Then there’s also the question on whether there is even a need to innovate. Of course, there are always things that could be improved, but there has to be a good problem to solve — the kind that’ll feel like you have an itch to scratch, the kind that will merit the need to spend time on it.

So that’s pretty much it for what we discussed that evening. Thanks for reading!

*Long story — maybe i can share some other time. I’ve rambled on for too long already. Thanks again for reading!

Challenge: focus on value

I’m so tired of things that waste or unnecessarily demand so much of people’s time. You’ve got that meeting where people don’t bother to come in on time. You sit through meetings seeing people kill time on their mobile phones (either that or they’re also people-watching just like you). You have all these goals and expectations thrust upon you, and you can only shake your head over how un-SMART a lot of them are. You’ve got young, impressionable team mates working overtime to prepare for game shows, plotting surprises for people they hardly know, making fancy props for who knows what, etc.

Maybe that’s aligned with what they like. Maybe noontime show antics is what floats their boats. Maybe I’m the boring, cultural misfit who values people’s time (mostly, my own), how it should be the individual’s choice on how they would rather spend it, and how they should have a say if other people are wasting it for them.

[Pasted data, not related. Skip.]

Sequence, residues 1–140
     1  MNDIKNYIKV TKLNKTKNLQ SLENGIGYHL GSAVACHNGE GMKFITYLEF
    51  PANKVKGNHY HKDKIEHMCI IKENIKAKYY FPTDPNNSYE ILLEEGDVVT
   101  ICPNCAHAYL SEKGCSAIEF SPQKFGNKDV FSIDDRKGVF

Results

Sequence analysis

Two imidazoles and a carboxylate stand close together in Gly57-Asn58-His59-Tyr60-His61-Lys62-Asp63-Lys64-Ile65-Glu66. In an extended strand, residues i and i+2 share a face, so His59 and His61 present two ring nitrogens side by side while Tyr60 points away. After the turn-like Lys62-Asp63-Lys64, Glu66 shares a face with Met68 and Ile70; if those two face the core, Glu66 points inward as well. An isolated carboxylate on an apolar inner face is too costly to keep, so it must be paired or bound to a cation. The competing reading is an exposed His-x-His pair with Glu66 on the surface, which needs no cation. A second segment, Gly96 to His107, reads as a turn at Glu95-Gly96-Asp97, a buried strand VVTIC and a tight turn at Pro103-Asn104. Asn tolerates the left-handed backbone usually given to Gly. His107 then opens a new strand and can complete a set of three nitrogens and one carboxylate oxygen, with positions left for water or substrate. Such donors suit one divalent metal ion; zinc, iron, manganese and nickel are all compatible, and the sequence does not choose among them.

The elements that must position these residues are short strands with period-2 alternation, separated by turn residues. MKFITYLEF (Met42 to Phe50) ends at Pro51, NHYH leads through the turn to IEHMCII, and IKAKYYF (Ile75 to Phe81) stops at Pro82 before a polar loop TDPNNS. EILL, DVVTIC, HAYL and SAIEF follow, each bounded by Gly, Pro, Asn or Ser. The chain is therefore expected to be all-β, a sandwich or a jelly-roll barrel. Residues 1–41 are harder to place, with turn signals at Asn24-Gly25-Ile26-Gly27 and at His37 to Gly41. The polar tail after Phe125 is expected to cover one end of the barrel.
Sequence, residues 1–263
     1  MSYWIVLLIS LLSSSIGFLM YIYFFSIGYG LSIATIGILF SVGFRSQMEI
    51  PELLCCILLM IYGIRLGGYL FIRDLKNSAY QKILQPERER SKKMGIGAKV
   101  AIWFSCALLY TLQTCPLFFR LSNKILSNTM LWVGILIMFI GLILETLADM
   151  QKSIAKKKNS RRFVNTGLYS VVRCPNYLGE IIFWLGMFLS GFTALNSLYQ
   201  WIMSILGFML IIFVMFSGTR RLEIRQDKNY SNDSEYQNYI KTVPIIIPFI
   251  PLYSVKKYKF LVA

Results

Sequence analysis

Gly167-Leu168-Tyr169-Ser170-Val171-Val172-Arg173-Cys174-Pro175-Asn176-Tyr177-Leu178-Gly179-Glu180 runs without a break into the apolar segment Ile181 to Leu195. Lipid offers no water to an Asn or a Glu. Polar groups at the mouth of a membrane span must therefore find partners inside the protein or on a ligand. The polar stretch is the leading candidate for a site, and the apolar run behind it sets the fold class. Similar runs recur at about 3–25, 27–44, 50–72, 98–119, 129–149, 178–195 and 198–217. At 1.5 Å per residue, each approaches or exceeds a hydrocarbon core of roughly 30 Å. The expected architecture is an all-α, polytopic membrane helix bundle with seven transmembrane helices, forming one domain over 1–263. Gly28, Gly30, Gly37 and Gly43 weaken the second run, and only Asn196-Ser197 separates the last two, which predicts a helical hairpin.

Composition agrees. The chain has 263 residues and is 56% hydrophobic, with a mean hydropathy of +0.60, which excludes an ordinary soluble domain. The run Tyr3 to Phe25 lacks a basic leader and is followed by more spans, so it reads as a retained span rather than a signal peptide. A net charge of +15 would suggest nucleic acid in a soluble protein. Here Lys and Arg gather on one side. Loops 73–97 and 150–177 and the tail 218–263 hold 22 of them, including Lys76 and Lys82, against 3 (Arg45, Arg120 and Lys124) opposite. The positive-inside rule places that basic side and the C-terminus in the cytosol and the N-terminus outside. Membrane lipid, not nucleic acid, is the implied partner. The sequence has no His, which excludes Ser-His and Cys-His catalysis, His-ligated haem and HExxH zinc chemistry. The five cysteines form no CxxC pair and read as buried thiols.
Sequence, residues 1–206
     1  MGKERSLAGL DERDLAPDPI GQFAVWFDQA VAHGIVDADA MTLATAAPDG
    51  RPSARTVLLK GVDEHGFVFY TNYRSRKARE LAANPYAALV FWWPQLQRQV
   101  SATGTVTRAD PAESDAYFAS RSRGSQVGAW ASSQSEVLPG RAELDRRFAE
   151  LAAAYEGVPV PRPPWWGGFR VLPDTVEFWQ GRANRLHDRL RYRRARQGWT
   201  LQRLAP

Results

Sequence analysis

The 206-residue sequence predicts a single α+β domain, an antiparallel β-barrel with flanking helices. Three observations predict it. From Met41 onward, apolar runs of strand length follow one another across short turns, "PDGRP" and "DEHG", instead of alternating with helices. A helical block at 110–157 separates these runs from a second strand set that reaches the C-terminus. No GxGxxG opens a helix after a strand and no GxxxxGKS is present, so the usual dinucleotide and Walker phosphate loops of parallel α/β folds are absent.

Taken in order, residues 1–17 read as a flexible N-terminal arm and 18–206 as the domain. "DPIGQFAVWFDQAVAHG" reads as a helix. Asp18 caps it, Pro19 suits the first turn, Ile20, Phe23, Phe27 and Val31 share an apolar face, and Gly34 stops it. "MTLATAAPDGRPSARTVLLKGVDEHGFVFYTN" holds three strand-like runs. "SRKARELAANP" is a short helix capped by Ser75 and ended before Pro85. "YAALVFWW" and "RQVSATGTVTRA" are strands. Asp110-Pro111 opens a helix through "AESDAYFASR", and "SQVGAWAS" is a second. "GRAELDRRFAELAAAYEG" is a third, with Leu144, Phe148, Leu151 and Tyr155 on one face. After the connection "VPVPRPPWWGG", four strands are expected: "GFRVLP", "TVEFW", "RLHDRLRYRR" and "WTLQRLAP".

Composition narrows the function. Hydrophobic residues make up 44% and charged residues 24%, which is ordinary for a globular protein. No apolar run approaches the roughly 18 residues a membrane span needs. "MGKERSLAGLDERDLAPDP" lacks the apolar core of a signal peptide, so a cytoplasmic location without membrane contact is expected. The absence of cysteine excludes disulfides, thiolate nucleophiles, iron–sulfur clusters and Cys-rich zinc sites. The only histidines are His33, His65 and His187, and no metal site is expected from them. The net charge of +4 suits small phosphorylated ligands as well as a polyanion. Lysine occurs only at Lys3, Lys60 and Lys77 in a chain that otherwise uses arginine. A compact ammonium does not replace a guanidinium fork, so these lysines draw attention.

Maybe we should challenge ourselves to find focus, and focus on just one simple thing: providing value.

What if our focus is on producing quality interactions with whoever we deal with. We set up meetings that people don’t dread going to and they actually find value in attending. We hold general assemblies where people will get key take-aways other than free food, and they leave feeling inspired or motivated. We hold activities where participants would feel they are better or they’ve grown — even just a little teeny bit — for having been there; rather than have the feeling that they’ve just killed off 30 minutes or more of their lives.

I don’t think it’s possible to get it right off the bat and all the time. But wouldn’t this be a better direction worth going for?

More on When in Rome

One of the things I often say is “When in Rome, do as the Romans do.” I have some team mates who admittedly know me better than most that jokingly say what I really mean is “When in Rome, invade the Romans.” While I have no plans for domination (that’s just too much trouble), a lot of jokes are half-meant.

“When in Rome, do as the Romans do” is not a call for conformity, submissiveness, or withdrawing your own beliefs to follow someone else’s. To me, it’s about flexibility and just being plainly realistic that when you’re thrust into a new environment (be it a new company, a team, or a project) you can’t expect things to go your way or the old way that you know. You need to “do as the Romans do” to survey the environment, find out how things are being done, and more importantly to find out why things are being done a certain way.